Substituting Legumes for Fallow in U.S. Great Plains Wheat Production
A collaboration among three state universities, three non-profit farmer organizations, and more than a dozen individual farmers, the goal of this project is to discover legumes and crop/legume systems which will effectively substitute for black and chemical fallow in the Central and Northern Great Plains. Of the 42 legume species evaluated to date, yellow-blossomed sweet clover, hairy vetch, foxtail dalea, and black lentil have shown the greatest immediate promise to create true “green” fallows production systems. Current barriers to adoption of green fallow have been: 1) developing systems which reduce the vulnerability to excessive soil water depletion, 2) relatively low-cost and adapted legume species to use, 3) crop rotations that allow reliable and cost-effective establishment of legumes, and 4) sufficient knowledge and demonstration of promising systems to both the institutional (research, extension, consultant, and conservation communities) and general farming public.
In the past year, this project has sought solutions to each of these obstacles: 1) Alternative legumes and management approaches have been found effective in transforming evaporative and leaching water loss (from black and chemical fallow) into transpirational water loss (through green fallow) at all but the driest of environments within the targeted region. Only in south and west central Kansas have green fallow systems yet to be developed which sufficiently conserve water for recropping; 2) Sweet clover remains the most widely used legume because it is inexpensive and readily available seed. Other legumes, such as black lentil, are also becoming available commercially. Both hairy vetch and foxtail dalea will require less expensive seed sources before being widely adopted. 3) The development of a wheat/sunflower/green fallow rotation holds promise in both the spring and winter wheat regions as a reliable and cost effective rotation to promote soil and water conservation; and 4) demonstration and dissemination of this project is being conducted through three non-profit organizations.
In addition, the project sponsored a conference in October of 1993 targeted at state research, extension, and conservation staff to better acquaint these public institutions of the progress make in developing feasible green fallow systems for the Great Plains.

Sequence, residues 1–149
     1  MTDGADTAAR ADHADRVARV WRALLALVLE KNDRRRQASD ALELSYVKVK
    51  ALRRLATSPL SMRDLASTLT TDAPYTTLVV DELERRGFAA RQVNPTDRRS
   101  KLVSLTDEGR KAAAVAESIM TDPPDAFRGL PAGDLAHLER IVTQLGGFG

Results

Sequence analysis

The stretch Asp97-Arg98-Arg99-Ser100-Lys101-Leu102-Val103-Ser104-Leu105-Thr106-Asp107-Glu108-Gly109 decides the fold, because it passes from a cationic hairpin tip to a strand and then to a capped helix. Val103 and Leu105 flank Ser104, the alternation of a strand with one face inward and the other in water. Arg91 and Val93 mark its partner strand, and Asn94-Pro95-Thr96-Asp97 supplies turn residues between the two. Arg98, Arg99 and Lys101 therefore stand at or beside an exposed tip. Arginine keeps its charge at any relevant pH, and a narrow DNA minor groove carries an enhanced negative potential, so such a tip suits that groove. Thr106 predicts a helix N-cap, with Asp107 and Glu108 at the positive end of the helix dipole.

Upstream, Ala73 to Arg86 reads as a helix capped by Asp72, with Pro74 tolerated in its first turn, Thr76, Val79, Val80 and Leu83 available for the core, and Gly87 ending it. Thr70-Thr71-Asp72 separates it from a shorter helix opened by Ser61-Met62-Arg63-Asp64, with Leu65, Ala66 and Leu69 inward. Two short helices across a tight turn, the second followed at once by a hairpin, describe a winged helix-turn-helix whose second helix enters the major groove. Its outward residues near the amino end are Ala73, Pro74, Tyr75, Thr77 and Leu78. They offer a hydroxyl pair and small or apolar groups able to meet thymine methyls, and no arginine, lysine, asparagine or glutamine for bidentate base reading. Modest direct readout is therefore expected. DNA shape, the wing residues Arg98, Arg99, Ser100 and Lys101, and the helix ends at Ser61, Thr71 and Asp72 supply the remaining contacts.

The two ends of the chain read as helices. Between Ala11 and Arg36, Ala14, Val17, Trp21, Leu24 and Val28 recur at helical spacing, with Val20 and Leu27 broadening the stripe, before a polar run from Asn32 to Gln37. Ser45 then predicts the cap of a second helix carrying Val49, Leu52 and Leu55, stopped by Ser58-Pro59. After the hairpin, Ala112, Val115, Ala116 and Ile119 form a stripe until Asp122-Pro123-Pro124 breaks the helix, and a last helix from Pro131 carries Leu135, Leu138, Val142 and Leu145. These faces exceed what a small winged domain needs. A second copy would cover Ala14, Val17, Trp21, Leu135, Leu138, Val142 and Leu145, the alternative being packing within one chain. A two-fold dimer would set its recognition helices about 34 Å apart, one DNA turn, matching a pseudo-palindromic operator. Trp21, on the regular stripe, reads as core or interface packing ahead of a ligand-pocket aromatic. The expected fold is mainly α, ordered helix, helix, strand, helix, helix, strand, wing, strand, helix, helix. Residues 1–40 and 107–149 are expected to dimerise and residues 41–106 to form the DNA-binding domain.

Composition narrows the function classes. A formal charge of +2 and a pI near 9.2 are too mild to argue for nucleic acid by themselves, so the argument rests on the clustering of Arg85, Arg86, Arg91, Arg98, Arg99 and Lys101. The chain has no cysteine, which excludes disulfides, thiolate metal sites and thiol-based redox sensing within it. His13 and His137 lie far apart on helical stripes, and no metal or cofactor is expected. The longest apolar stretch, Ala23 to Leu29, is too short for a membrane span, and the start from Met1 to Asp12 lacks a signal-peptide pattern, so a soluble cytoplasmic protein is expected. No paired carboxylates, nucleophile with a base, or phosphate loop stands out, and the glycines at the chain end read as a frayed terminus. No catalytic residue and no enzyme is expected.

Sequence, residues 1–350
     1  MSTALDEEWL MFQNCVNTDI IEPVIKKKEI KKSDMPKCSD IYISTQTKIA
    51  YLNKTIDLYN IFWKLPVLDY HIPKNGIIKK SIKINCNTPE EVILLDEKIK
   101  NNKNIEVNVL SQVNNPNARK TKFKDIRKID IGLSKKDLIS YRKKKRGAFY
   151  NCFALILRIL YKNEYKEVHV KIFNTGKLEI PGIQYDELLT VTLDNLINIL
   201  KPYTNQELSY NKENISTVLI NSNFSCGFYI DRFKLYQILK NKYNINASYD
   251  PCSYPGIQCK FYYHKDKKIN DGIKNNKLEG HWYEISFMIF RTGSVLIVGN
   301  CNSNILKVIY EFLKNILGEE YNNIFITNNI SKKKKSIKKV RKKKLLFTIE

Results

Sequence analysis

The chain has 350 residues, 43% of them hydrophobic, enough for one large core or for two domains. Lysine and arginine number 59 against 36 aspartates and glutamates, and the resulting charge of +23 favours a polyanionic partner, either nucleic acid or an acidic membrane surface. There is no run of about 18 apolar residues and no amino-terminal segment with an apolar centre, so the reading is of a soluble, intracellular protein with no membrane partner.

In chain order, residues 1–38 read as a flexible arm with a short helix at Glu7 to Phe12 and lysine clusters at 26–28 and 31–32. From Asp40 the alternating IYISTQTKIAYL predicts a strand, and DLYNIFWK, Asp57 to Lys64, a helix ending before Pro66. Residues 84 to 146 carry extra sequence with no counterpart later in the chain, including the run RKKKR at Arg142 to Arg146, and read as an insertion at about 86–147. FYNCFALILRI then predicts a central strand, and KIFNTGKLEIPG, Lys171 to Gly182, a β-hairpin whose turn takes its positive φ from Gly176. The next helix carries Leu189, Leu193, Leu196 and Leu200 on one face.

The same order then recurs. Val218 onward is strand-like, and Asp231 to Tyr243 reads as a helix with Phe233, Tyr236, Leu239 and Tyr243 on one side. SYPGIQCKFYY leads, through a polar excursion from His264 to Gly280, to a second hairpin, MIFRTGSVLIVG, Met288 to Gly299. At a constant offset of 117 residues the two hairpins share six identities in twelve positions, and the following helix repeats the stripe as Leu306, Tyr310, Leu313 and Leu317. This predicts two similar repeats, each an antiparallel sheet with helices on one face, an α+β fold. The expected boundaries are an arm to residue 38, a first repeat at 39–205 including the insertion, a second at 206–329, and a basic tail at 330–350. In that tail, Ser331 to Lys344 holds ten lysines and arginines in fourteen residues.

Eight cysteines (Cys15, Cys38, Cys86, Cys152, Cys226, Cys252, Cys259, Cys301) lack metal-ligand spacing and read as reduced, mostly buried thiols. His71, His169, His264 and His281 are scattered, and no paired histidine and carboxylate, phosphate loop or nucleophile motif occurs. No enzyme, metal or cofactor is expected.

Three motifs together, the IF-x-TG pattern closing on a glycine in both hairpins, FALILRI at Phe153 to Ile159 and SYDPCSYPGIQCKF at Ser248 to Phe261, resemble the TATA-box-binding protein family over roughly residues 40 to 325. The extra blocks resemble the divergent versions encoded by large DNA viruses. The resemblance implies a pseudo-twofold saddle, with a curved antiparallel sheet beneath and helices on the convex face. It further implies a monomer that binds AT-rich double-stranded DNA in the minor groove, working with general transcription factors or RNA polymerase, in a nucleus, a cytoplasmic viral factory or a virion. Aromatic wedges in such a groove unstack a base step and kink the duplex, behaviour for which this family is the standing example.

To demonstrate and conduct on-farm research of a cereal-legume production system in the spring and winter cereal regions of the U.S. Great Plains.
To determine through exploratory small-plot research the suitability of alternative legumes in cereal/legume production systems and then develop management systems including other locally adapted crops, and livestock, to substitute for fallow in the spring and winter wheat regions of the U.S. Great Plains.
Using cost/return data generated in legume and system comparison studies, compare both wheat enterprise and whole-farm budgets for conventional fallow versus alternative legume production systems.
This project has established viable green fallow production systems for the Northern Plains spring wheat region and a wheat/sunflower/green fallow system for both the Northern and portions of the Central Great Plains region. As compared to the traditional crop production systems in these regions, the green fallow systems reduce dependency upon nitrogen fertilizer, increase and extend the period of adequate surface cover to prevent wind and water erosion, build soil quality, and increase biodiversity across fields and landscapes which prevent pest and disease outbreaks. Specific results by location can be found in the recently compiled conference proceedings.
In both North Dakota and Nebraska, the non-profits have taken the lead in organizing and conducting on-farm research of various specific components of locally adapted green fallow systems. In North Dakota, alternative legumes such as hairy vetch are being experimented with on-farm to establish reliable systems of seed production. Local produciton and distribution of the legume seed needed for green fallow would decrease overall costs of the system. Also in North Dakota, more than a dozen farmers are actively helping spread wider adoption of various green fallow techniques, including the interseeding of sunflower and the use of spring-planted grain legumes. In the winter wheat region, Nebraska farmers and researchers are developing equipment to aid establishment of interseeded legumes in row crops. Though equipment was developed, due to the unusual weather of 1993, no demonstration plots were able to be established. In 1994, a coalition of non-profit, university, and oilseed crushing industry representatives are planning a series of on-farm demonstrations of the wheat/sunflower/green fallow cropping systems.
Rotational plots continued in each of the three states to further gather legume growth, nitrogen cycling, and wheat recropping data. In addition, the project has begun a cooperative venture with NRCS to evaluate the erodability of soil from farms practicing green fallow versus neighbors that don’t. Monthly surface soil samples are being gathered across the Plains and compared at the NRCS Big Spring, Texas, lab for their vulnerability to erosion. These data should help expand the inferences about the impact of green fallow systems on the environment across the Plains as a whole.
Preliminary analyses have shown certain green fallow systems economically competitive with both black fallow and continuous cropping. Additional specific results are attached and found within the conference proceedings.
Local field days, winter extension-type meetings, and various news articles in the popular press were the principle means of dissemination during the past year. In addition, a conference was held in Rapid City, South Dakota, on October 25/26 targeted at the research, extension, and conservation community.